Louisa Pearson: ‘Does formal volunteering require wearing a tux or ballgown?’
Do you remember the Berlin Wall? I do. We went on a school trip to see it in the late 1980s, when it was still intact and policed by armed guards. Souvenir Checkpoint Charlie T-shirts were on sale there.
Why are we talking about the Berlin wall? Because I arrived at a similar dividing line, in the virtual sense, when I started doing some online research about Volunteer Week (www.volunteering.org.uk), which runs from 1 June. This annual campaign celebrates the achievements of volunteers and aims to inspire others to join in. But since it’s promoted by Volunteering England, I began to wonder whether that meant volunteers on Scottish soil can’t take part. I was perturbed, then I remembered that independence has not yet happened – in fact, the politicians can’t even decide how to phrase the question, and therefore the Carlisle Wall (working title) is yet to be built. It turns out that the reason for this is that the various UK national volunteering agencies got together and decided Volunteering England should do the promotions.
Moving on, let’s start with a figure from the Scottish Household Survey of 2011, which found that 30 per cent of adults in Scotland had participated in formal volunteering in the last year. Does that require wearing a tux or ballgown? No, it means it was an ‘organised’ activity. The figure for informal volunteering, which is defined as “undertaken as an individual to help others who are not relatives” was 42 per cent – I like the implication that if your auntie tells you to do something, it’s compulsory rather than voluntary.
The figure that really grabbed me, however, was that adults aged 35 to 44 (49 per cent) were most likely to do informal volunteering, with those aged 65 and over (30 per cent) least likely. Come on, pensioners of Scotland. You’ve been given free bus passes, so why not use them to go somewhere that needs volunteers?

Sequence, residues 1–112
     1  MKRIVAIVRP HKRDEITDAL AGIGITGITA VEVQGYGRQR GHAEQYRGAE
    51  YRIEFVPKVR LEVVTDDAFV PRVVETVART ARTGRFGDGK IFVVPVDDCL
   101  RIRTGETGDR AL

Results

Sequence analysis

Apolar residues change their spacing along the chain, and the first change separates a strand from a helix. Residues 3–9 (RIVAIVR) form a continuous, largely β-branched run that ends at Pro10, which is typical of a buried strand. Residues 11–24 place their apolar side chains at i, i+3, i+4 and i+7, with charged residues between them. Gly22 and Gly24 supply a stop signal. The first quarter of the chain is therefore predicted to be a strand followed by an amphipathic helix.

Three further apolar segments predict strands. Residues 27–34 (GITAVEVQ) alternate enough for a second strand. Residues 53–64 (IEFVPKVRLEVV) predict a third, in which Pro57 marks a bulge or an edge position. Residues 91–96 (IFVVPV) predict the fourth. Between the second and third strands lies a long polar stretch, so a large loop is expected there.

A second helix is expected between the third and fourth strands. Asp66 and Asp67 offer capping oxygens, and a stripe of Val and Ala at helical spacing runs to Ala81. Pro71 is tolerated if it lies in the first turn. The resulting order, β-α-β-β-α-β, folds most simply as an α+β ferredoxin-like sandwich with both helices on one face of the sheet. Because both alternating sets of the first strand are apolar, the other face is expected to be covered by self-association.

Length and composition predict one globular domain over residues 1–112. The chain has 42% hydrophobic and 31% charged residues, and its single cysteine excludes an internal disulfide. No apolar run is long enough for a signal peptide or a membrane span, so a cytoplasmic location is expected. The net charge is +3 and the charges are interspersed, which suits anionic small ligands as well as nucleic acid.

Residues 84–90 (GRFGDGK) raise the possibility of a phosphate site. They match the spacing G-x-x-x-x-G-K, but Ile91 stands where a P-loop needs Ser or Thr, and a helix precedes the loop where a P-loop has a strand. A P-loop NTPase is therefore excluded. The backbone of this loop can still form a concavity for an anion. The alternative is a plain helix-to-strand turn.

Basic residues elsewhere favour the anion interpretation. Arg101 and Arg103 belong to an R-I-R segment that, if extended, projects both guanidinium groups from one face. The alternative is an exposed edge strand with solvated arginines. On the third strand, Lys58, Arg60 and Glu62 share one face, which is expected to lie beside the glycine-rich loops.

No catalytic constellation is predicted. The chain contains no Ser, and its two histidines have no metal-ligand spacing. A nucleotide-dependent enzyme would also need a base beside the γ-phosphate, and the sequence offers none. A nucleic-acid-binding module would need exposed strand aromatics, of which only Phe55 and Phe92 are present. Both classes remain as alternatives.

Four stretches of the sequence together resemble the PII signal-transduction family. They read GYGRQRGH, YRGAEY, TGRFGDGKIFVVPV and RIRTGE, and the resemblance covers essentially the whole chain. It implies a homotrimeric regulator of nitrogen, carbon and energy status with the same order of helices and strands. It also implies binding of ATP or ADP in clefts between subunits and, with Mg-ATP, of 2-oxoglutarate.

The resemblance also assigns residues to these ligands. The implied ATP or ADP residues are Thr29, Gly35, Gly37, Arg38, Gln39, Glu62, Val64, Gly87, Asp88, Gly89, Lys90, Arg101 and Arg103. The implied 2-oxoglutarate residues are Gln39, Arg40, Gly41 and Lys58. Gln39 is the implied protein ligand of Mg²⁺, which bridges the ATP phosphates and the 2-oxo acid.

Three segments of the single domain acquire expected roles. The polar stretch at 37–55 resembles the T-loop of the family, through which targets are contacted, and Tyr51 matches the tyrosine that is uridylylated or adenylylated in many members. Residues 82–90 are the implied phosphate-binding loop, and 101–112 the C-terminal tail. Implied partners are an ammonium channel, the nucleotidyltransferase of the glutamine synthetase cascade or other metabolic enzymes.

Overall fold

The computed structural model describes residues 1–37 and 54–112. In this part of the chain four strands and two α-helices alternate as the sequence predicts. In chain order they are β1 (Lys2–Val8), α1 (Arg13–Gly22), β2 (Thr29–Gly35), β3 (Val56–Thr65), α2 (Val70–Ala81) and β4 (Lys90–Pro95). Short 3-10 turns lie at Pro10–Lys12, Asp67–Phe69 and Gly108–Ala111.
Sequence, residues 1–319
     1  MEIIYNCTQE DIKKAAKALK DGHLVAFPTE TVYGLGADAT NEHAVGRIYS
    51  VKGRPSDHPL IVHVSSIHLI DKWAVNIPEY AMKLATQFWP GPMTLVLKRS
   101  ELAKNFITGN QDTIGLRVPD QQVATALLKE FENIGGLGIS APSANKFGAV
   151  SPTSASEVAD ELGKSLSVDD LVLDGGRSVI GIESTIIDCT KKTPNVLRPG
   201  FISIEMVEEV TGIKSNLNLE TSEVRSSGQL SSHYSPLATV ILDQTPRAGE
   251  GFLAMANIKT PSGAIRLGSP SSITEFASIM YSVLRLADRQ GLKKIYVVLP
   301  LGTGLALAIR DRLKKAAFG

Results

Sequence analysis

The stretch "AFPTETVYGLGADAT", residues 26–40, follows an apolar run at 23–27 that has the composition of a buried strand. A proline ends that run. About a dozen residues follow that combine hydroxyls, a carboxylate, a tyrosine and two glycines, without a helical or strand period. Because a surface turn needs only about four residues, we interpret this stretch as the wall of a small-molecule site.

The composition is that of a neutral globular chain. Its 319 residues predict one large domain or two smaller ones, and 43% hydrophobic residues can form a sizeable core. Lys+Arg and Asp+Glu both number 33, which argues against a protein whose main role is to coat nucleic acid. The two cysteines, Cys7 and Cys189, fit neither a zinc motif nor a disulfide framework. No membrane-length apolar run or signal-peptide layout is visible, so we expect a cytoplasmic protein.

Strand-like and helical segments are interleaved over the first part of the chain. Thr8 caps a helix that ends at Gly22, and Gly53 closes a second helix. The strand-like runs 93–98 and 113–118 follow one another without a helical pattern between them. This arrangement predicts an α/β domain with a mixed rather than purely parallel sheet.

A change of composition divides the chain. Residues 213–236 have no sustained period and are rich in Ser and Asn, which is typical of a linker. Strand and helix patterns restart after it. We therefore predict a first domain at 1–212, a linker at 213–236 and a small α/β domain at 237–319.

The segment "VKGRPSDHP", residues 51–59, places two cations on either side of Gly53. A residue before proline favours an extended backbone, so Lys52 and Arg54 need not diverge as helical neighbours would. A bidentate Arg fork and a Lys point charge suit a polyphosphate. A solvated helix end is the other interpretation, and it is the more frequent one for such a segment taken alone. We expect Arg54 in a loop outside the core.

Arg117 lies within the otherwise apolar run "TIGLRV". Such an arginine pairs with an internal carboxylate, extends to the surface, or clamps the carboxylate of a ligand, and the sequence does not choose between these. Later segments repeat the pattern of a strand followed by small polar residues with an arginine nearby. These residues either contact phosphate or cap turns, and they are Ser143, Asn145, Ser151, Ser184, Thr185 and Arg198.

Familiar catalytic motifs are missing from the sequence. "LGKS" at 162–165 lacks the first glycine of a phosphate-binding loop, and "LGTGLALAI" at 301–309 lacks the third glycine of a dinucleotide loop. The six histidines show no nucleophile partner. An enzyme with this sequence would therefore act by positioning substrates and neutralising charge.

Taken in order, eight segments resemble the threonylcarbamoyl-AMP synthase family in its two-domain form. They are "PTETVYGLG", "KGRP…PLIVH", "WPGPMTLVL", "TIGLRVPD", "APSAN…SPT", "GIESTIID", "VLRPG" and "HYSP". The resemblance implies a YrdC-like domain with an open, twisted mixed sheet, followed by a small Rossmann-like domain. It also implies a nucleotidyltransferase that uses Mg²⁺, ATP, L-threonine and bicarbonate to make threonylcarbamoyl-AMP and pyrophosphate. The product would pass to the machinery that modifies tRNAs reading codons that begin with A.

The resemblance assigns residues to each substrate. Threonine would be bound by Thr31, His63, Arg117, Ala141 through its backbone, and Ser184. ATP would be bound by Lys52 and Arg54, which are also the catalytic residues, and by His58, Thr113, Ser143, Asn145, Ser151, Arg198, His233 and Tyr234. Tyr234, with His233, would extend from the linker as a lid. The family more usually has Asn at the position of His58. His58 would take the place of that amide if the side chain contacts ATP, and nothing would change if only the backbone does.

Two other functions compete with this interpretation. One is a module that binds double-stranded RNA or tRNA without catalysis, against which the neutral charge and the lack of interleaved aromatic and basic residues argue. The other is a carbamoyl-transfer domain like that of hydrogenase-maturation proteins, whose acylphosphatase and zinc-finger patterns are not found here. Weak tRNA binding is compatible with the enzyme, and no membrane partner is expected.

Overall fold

Before I get lynched, let’s move on to environmental volunteering, where there are other options besides bashing rhododendrons if you want to do some good works. You could build a website, become a trustee or write a newsletter for an environmental organisation, without a packed lunch or waterproof jacket in sight.
Sadly, though, this would mean missing out on the health benefits and hands-on skills development that comes with conservation volunteering. There’s something satisfying about being able to say “I built that path”. The Conservation Volunteers, formerly BTCV (www.btcv.org.uk), is a great starting point, both with its own opportunities and to point you to other conservation groups around the country.
Every local authority has a volunteer centre that offers advice and opportunities, or you can find details online at www.volunteerscotland.org.uk. My search in the Edinburgh area turned up a long list, including a job as a nature assistant with an RSPB project at the Botanic Garden (providing live interpretation of the sparrowhawk nestcam) or a volunteer bicycle scrapper with Bike Station. Or you could get the rattling can out for Friends of the Earth Scotland.
Whether it’s formally, informally or somewhere in between, there's a project out there that needs you. n
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